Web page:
Jan van Eyck, Ghent Altarpiece (detail)

This picture appeared in the RA magazine, and my partner was intrigued by the wings.  They look as if they’re cut from a melon, she said – green on the outside and sort of fleshy glistening inside,  I looked at some other examples to see – as far as I can make out, they are a one=off.

 

Ghirlandaio, Coronation of the Virgin (detail)

Nice splash of red, yellow and blue here…

 

Fra Angelico, The Last Judgement (detail)

Beautifully marked – but no recognisable pattern..

 

 

Fra Angelico, The Annunciation (detail)

Butterfly wings, definitely.

 

Dieric Bouts, the Road to Paradise (detail)

Lovely blue ones – and presumably, holes cut into the robes.  Must be difficult to get on.

Raphael, The Archangel Michael (detail)

Hint of snakeskin here – look at that fore-edge.

 

To finish, a revamped painting of mine, which I noticed “after the fact” sort of bore a resemblance to the theme – but not to the quality, of course…

Angel Wings (formerly Lost in the Woods)

Blackpaint

29.5.20

Blackpaint 223

November 25, 2010

Bridget Riley at the National Gallery

This exhibition contains both Riley’s own works and those of artists she has herself chosen, presumably to illustrate her inspirations and connections with her paintings.  “Escape 3” is the first of her works on show.  It is a canvas of modulating grey and blue wavy horizontal lines.  When I looked at this in the gallery, it appeared to me that the top half was irregular in terms of the width of the lines and their spacing, whilst the lower half consisted of two areas which “tilted” towards the viewer like a hinged sandwich.

Later, I saw the exhibition reviewed on TV and it was obvious that this division was false; the undulating, horizontal lines are “crossed” by regularly- spaced “creases” running diagonally top to bottom.  Optical illusion, but I only “got” the proper illusion, as it were, when the TV distanced me from it.

Opposite is Mantegna’s “Introduction of the Cult of Cybele to Rome”.  Processions of celebrants going this way and that, very strong sculptural effect, almost 3D.  Riley says the painting has “an all – embracing rhythm with which he (Mantegna) builds horizontals and verticals”.  The connection is “the special nature of pictorial space” in his paintings.

The other paintings she has selected are Raphael’s “St.Catherine”, in which more rhythmic currents in the portrayal of robes, the wheel, the figure are present; and three small Seurat figures -in -landscape  sketches, which presumably resonate with her palette (as does the Raphael).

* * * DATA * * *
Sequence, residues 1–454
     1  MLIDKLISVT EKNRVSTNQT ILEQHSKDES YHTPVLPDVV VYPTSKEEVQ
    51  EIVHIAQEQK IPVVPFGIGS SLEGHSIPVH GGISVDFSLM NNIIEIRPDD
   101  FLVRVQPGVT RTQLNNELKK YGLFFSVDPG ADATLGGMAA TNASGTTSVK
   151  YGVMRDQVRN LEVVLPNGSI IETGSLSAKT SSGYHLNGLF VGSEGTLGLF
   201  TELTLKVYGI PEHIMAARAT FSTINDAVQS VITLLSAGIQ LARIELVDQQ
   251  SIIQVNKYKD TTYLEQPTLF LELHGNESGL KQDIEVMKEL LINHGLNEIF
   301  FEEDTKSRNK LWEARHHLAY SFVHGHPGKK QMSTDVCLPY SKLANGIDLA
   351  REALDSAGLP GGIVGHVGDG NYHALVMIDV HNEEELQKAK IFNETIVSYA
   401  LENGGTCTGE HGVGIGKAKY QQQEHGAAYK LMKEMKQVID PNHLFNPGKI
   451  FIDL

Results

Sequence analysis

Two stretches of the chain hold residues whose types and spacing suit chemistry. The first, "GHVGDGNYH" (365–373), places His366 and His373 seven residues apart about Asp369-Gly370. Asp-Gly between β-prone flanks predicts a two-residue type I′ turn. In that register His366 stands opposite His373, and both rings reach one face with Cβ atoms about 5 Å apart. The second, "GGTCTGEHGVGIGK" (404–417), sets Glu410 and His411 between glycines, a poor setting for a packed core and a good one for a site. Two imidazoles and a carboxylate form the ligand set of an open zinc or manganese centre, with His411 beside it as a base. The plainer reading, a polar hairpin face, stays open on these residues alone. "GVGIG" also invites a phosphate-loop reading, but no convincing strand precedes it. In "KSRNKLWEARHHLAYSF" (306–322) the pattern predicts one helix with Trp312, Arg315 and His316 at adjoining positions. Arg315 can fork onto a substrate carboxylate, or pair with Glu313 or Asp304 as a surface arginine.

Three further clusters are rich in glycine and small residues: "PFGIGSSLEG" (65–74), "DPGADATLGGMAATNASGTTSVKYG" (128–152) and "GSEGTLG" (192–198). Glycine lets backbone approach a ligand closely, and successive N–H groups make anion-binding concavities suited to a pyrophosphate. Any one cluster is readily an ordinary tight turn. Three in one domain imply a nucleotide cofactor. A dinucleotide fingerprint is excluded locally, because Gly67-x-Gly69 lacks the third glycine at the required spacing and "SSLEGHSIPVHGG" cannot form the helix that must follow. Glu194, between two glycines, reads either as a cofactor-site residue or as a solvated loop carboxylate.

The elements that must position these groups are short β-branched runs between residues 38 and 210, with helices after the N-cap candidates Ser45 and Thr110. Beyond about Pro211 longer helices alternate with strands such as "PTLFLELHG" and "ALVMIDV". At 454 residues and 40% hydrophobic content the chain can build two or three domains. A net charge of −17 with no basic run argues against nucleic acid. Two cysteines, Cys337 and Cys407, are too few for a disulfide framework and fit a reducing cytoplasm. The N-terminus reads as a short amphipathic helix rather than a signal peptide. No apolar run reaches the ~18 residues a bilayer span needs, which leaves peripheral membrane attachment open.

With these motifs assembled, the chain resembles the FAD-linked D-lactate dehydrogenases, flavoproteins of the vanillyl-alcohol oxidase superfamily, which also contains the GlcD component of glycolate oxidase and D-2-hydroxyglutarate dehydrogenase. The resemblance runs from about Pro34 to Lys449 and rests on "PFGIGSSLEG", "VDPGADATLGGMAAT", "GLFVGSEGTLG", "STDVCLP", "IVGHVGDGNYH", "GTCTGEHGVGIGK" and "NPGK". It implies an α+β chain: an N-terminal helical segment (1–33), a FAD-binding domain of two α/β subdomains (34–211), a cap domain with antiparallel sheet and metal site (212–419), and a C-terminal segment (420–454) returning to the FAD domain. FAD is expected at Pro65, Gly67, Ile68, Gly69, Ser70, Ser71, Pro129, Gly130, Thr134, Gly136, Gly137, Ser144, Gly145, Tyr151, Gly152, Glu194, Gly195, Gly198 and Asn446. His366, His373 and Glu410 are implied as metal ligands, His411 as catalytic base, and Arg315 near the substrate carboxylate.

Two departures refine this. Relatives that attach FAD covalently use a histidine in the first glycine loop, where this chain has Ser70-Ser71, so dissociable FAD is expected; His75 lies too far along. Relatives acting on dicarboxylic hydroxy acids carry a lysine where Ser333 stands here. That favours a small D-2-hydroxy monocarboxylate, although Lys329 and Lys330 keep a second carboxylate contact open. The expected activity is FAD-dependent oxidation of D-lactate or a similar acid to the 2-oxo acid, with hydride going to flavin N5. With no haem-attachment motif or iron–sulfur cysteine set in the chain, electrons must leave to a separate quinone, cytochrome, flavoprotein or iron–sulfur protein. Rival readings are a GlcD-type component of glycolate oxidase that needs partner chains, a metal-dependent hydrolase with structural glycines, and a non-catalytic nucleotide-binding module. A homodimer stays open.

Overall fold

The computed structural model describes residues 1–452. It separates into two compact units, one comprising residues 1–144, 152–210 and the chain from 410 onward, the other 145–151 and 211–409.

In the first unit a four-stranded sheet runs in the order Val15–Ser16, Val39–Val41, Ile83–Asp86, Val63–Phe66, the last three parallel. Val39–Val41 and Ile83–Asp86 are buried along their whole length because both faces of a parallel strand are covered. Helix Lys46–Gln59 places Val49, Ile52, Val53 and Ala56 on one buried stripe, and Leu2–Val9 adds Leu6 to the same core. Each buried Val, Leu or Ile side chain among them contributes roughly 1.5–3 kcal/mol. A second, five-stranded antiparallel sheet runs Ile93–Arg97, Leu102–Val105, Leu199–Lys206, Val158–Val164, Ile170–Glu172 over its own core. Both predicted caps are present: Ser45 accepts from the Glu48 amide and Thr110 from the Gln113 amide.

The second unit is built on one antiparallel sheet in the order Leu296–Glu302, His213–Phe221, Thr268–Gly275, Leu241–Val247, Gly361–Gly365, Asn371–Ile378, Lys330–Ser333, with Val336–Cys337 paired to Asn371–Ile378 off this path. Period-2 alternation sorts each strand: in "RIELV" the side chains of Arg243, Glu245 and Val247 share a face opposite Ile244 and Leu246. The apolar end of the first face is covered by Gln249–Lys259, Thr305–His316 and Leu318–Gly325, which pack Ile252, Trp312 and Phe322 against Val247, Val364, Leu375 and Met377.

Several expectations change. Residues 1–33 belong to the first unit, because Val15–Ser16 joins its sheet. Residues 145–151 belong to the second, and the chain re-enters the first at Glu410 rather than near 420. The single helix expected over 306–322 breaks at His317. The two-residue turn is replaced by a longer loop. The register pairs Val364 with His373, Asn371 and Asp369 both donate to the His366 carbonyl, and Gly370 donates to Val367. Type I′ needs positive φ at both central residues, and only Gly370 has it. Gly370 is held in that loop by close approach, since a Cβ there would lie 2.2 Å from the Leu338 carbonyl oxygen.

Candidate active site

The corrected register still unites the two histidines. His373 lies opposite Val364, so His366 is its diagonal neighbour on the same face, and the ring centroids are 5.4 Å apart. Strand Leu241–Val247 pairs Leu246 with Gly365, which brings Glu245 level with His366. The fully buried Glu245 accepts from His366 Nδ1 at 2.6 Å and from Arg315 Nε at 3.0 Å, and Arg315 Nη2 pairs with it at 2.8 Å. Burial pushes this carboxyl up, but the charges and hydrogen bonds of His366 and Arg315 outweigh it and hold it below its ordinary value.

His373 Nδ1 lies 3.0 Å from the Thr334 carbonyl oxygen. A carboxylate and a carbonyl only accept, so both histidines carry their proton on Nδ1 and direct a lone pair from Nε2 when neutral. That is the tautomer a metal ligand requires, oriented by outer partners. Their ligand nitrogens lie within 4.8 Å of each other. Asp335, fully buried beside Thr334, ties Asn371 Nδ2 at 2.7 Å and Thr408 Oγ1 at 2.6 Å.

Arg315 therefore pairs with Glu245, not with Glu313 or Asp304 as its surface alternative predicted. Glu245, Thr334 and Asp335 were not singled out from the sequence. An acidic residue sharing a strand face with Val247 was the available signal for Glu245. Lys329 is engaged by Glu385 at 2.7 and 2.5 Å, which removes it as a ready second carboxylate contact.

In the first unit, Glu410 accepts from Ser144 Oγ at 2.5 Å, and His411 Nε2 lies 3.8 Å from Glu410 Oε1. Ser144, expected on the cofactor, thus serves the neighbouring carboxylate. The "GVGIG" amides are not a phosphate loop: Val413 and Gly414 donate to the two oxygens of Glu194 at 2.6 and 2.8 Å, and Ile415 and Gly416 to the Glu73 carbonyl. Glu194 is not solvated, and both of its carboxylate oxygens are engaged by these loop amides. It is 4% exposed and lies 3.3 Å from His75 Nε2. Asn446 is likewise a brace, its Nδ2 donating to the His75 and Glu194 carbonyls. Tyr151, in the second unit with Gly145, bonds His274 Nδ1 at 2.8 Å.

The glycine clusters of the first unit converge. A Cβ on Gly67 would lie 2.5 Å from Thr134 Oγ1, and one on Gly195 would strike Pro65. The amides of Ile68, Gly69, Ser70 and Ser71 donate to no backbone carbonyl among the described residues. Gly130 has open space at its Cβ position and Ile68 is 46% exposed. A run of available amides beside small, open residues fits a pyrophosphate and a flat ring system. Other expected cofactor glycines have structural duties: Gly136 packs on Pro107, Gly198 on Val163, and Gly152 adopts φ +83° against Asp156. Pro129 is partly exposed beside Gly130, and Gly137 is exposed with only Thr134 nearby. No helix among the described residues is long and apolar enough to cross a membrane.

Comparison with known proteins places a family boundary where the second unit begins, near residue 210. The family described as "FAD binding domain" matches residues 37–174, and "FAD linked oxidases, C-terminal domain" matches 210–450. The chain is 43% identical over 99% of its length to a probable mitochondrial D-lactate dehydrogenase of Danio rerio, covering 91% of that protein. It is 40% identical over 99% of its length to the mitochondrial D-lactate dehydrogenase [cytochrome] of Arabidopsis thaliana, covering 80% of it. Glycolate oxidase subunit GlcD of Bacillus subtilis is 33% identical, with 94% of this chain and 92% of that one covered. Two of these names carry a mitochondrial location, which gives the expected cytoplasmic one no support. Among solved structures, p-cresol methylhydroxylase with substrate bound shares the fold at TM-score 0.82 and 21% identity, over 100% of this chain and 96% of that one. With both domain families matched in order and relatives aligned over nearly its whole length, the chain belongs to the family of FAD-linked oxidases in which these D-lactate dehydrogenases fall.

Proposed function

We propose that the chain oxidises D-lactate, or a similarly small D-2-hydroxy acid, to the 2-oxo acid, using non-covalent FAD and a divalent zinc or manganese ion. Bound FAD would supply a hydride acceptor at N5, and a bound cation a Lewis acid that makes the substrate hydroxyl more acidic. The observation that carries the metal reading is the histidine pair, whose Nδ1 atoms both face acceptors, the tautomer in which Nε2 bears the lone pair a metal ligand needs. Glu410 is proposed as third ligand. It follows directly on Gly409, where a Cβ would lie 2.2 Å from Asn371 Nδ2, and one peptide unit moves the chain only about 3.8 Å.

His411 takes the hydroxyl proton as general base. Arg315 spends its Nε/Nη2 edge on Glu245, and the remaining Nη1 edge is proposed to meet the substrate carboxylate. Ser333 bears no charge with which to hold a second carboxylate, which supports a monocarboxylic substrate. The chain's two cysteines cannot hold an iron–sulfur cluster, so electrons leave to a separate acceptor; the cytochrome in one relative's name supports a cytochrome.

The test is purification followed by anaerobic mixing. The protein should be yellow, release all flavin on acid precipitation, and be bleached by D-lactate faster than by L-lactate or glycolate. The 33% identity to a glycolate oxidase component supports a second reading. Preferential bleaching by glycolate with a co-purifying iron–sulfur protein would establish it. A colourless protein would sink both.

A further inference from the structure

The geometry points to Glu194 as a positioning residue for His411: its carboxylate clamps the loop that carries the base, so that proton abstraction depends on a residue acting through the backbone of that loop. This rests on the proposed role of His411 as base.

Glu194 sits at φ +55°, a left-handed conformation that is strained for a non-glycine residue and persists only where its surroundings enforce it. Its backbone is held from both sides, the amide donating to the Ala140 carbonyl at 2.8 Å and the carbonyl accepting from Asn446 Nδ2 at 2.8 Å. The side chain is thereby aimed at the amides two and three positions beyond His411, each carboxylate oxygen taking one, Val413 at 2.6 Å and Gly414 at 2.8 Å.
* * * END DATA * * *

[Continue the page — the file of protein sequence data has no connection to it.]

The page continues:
There are two huge paintings, one on linen, the other directly on the wall (executed by assistants), which are in pastelly blue, green, beige and orange and resemble  cut out and concertina’d paper decorations, leaning viewer’s left to right, and stretched across an area of wall.  “Arcadia”, on linen, was done in 2007, “Blue” this year, of course.  The rhythms are there, the colours echo the Seurats to a degree. 

 There is a whole wall covered with empty black circles, which intersect like Venn diagrams; a colourful, vertical stripes painting (like those Mod blazers from the 60’s – yes, I had one); and a shimmering, modulating – again- set of black through to white dots, set in a circular pattern.  The most striking work, I think, is “Red on Red”, a beautiful, flame-like image in red, pink, orange and Prussian blue.

So, at first glance, highly unlikely combination  of images, but possible to see what she is driving at.  I’m unable to swallow Andrew Graham – Dixon’s assertions that her work reflects her love of natural forms, however;  I think you can probably take ANY painter and set your terms wide enough to discover ANY influences, echoes, associations you like – or, at least, art journalists can.  Just chop and wave your hands, assert EMPHATICALLY and pause for dramatic effect before the last word.

Quiz; Who painted the tower at Neunen, over and over again (no, I mean paintings, not the actual tower)?

Blackpaint, unfinished yet.

25.11.10